“The Sun Does Shine” is an autobiography written by Anthony Ray Hinton about his life and experience as a wrongfully convicted man. At the age of 29, Hinton was arrested in connection with a string of robberies that left two people dead. A poor Black man living in Alabama, Hinton was unable to independently afford an attorney or mount a vigorous defense. Convicted and sentenced to death, Hinton would spend the next 28 years fighting for his freedom and his life.
Tag: <span>justice system</span>
If you’re interested in learning about the first Black woman to serve as a federal judge then my Constance Baker Motley Black History Short is for you.
In the May 2020 edition of Noire News, I share some feel good stories about folks who are doing some good in the midst of COVID. There are also a few feature stories about the injustice system, progress in Sudan, and Joe Biden’s ignorance. As always there’s also a monthly memorial for those we’ve lost during the month.
In the February 2020 edition of Noire News I’ll be discussing feature stories about the stigma of mental illness, the injustice system, Guyana’s emergence as a player in the oil industry, the larger issues surrounding Snoop Dogg v. Gayle King, attacks on civilians in Cameroon and Nigeria. I’ll also touch on notable deaths across the diaspora and will close out with some good news and some programs you or someone you know might be interested in participating.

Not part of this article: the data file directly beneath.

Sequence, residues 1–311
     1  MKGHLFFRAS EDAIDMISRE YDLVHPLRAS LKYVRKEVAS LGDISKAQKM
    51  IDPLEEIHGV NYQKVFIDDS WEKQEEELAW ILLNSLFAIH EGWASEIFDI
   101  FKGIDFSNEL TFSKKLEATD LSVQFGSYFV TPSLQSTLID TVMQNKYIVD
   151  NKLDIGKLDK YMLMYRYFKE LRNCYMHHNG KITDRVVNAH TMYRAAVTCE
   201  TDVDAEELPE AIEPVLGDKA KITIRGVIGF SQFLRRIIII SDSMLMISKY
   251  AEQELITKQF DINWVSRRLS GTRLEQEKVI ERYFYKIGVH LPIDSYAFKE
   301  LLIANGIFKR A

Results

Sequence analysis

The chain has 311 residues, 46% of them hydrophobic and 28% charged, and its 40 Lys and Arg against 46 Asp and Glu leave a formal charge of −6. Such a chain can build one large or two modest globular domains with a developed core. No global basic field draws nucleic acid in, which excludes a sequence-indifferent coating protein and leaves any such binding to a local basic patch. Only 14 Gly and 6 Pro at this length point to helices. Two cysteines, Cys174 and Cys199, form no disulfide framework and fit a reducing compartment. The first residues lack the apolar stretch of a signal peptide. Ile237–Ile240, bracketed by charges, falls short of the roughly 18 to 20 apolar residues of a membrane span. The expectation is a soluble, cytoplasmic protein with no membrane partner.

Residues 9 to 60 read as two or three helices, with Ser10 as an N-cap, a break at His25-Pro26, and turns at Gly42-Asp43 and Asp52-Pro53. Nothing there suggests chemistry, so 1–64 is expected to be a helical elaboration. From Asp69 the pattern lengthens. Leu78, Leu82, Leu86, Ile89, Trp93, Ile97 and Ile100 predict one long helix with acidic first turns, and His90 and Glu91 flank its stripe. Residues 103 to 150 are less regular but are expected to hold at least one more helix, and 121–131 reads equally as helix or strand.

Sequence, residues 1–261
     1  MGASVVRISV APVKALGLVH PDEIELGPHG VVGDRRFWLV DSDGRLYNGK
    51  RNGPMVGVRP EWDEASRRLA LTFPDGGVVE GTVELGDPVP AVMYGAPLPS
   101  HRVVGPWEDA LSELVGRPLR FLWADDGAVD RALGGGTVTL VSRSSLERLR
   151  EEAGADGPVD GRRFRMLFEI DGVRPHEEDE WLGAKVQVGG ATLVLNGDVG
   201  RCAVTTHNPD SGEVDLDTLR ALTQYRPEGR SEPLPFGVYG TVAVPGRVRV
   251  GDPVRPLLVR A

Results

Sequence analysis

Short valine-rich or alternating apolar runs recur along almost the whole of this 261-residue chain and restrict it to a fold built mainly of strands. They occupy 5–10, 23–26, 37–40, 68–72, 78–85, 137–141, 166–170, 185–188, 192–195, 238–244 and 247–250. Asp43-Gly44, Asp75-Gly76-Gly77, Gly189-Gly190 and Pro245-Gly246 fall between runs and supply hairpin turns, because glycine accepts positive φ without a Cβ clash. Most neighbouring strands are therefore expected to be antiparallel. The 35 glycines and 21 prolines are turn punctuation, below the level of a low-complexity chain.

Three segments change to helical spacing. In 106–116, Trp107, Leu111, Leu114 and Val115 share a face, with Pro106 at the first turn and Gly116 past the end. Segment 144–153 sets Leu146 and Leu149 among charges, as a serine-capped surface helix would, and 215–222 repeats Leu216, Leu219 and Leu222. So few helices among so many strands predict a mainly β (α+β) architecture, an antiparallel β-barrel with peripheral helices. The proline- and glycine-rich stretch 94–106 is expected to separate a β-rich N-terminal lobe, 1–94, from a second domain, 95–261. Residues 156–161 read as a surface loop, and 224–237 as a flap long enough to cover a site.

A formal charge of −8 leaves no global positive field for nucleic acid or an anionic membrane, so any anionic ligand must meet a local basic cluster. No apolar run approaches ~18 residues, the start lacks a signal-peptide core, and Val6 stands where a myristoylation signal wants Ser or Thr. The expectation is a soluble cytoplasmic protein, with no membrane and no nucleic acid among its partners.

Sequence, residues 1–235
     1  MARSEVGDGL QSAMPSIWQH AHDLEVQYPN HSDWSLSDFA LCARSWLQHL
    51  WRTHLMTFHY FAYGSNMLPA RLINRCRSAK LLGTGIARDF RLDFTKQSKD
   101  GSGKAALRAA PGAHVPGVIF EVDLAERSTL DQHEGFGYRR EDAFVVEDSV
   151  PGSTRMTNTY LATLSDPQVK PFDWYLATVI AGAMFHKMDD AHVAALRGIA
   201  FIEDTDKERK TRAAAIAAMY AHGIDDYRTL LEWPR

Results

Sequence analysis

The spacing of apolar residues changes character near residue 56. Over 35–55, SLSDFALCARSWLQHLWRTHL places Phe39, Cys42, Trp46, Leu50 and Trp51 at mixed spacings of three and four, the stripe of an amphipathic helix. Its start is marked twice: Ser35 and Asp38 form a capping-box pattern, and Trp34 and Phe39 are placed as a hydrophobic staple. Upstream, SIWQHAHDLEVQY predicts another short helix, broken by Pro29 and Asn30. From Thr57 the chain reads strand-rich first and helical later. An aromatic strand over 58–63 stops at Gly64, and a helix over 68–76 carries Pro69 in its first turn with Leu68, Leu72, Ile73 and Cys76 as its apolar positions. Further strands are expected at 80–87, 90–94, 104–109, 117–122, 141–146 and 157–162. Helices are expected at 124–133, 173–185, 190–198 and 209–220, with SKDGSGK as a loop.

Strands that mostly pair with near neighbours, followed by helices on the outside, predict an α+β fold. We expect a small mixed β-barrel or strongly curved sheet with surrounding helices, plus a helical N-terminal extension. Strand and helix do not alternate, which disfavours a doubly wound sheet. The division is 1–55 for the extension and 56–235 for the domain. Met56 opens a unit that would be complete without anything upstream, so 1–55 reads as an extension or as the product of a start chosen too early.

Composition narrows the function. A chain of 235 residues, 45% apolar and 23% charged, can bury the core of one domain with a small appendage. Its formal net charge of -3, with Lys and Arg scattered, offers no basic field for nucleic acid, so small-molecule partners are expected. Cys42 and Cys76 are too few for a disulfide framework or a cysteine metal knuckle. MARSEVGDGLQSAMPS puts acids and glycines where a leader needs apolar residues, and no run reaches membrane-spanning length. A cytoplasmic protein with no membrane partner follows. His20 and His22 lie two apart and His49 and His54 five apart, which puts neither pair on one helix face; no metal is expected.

“Just Mercy” is a courtroom procedural drama adapted from the 2015 New York Times Bestseller of the same name. Written by Bryan Stevenson the original book was a memoir that told the story of his experience as an attorney focused on working to appeal death row convictions. Beginning in 1989, Stevenson (Michael B. Jordan) is a new Harvard grad but instead of launching his career at a cushy law firm he chooses a different path. Heading south to Alabama, Stevenson establishes the Equal Justice Initiative and hangs out a shingle as a lawyer open to working on death row cases pro bono.